I sat listening first to the surgeon, then to the anesthesiologist, feeling myself become uncontrollably pulled towards the momentum of what they had laid out, their authority, their beliefs, how things just naturally go in a place like that. In my arms, I held my son, who had already received an IV drip of morphine, his warm body relaxed but so different in ungraspable ways, his lack of fight, unfamiliar to me. He too, against his will, going along with the momentum of the moment.

I sat feeling the dissonance between my own intellect and the confusing ball of emotion inside the pit of my stomach. With two persons, presenting rational competency in front of me, I found myself instinctively holding back my tears to match their rationale. I started posing questions. Is this really necessary? Is there another way? Is anesthesia really innocuous? Can’t you leave him intact? My questions were met with controlled exasperation. M’am, the surgeon responded, I’ve been doing this for over 40 years, trust me. And I thought, yeah, you’ve been cutting people for over 40 years, it’s all you know. You wouldn’t know about alternatives. But instead of responding in that fashion, I decided to do what he asked of me. I decided to trust him. Because in that moment, I knew that the plain truth is that no matter the amount of information I receive, my son was suffering and I felt incapable of helping him. I was scared and I wanted help.

It is when we are faced with the intensity of these emotions, fear, the suffering of our loved ones and our own, that the truth of our human frailty (not our ideologies, not our critiques and judgements, not our highfalutin ideas about what the best choices are) is revealed. Then we choose how to navigate our impulses between exerting more control over the situation or surrendering. This impulse to control fear often comes in the form of intellectualization–searching for more information, critiqueing, finding distraction and suppressing our emotional, instinctive gut responses to the situation. Often times, we hold on more and more tightly to the illusion of control by any and all means and only surrender when it becomes absolutely clear that we exert minimal control. We don’t want to feel small and weak in the grand orchestration of life, as small and as weak as an innocent babe being wheeled off to surgery. I decided to surrender. So, when he was wheeled off to surgery, I walked back to the waiting area and cried.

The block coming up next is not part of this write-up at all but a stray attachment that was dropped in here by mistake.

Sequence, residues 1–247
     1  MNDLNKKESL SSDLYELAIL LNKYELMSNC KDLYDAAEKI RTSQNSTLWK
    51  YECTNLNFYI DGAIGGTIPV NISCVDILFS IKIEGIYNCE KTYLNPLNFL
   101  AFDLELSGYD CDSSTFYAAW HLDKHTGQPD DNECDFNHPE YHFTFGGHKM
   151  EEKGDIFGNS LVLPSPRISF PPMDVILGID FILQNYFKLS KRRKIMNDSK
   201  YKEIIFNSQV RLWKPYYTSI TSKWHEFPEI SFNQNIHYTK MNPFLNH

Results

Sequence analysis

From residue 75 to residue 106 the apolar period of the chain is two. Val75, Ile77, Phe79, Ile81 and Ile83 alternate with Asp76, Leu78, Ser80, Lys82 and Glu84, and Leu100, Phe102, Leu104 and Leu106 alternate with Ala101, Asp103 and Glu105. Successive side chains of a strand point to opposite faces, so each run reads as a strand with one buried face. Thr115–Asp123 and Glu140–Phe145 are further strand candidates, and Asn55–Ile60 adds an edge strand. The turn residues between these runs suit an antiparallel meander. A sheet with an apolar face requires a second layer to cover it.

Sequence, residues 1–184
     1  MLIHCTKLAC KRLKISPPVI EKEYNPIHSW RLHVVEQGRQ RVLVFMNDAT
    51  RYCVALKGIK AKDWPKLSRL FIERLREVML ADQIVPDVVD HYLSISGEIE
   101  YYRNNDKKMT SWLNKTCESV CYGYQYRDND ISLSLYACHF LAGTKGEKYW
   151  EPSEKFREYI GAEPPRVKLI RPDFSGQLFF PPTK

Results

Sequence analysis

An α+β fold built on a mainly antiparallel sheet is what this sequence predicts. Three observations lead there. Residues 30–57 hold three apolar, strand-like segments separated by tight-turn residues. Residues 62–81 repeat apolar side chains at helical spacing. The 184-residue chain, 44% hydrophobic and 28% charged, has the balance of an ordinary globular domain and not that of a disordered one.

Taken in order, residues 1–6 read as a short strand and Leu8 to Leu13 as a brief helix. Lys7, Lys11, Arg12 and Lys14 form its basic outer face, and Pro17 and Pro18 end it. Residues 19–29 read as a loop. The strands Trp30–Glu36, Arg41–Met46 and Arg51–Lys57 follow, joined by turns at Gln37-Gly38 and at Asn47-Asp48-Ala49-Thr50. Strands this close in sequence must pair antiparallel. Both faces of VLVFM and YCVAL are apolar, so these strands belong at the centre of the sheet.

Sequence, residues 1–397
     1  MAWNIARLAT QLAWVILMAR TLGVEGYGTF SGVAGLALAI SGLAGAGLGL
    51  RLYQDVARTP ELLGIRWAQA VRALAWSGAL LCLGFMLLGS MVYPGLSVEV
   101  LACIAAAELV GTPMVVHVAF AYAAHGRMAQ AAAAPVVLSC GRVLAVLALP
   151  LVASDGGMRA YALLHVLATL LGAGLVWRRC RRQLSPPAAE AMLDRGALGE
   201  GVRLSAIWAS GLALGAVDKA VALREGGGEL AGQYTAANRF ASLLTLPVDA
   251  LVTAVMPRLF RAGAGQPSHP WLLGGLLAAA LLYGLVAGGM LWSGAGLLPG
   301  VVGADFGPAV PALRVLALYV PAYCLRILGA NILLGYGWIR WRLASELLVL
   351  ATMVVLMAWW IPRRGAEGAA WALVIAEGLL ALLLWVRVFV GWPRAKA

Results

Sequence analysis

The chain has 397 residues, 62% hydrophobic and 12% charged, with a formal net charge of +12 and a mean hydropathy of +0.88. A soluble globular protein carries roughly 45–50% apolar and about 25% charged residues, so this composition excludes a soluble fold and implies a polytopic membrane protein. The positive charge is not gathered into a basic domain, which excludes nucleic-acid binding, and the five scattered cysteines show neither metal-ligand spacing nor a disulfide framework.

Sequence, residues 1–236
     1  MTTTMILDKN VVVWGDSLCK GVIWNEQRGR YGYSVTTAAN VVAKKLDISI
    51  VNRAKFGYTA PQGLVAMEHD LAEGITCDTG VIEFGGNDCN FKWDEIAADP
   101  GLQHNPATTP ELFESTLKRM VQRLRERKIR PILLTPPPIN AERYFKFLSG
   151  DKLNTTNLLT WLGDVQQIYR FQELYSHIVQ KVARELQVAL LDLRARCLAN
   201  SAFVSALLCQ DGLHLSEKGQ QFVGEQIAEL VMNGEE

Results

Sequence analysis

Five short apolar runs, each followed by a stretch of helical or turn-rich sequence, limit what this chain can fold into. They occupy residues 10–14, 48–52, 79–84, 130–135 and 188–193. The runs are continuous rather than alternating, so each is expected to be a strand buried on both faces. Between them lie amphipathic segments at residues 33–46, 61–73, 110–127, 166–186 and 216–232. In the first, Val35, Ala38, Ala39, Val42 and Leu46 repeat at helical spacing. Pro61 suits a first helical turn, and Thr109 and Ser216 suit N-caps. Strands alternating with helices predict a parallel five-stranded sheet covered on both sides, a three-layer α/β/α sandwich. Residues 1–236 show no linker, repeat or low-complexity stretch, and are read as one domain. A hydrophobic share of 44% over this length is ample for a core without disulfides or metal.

Post surgery and back by his side, I looked around me at all the monitors with their flashing lights and numbers, the endless chirping and beeping of various machines, the too sterile floors and sheets and surfaces, the shuffling about of uniformed nurses, some with face masks. Amidst it all my warm, delicate vulnerable babe–breathing, sleeping. Everything around him seemed to be saying, dont worry, you wont die, we’ve got it covered. And he seemed to be saying, yeh, sure–his breath leaving and coming with abandon, surrendering to everything around him and beyond.

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I’ve been thinking about this blog for a long time. I’d start and then stop. My words often felt forced. My expertise, questionable. I wanted to write about health because it seemed the logical thing to write about; I’ve been practicing Chinese Medicine for 13 years now, running a community based clinic for 7. On busy weeks, I see well over 60 people per week. Over the years, the number of acupuncture treatments I’ve administered is probably in the tens of thousands. I’ve supervised and mentored other acupuncturists, taught classes, started up various clinics, assisted countless people with Chinese medicine.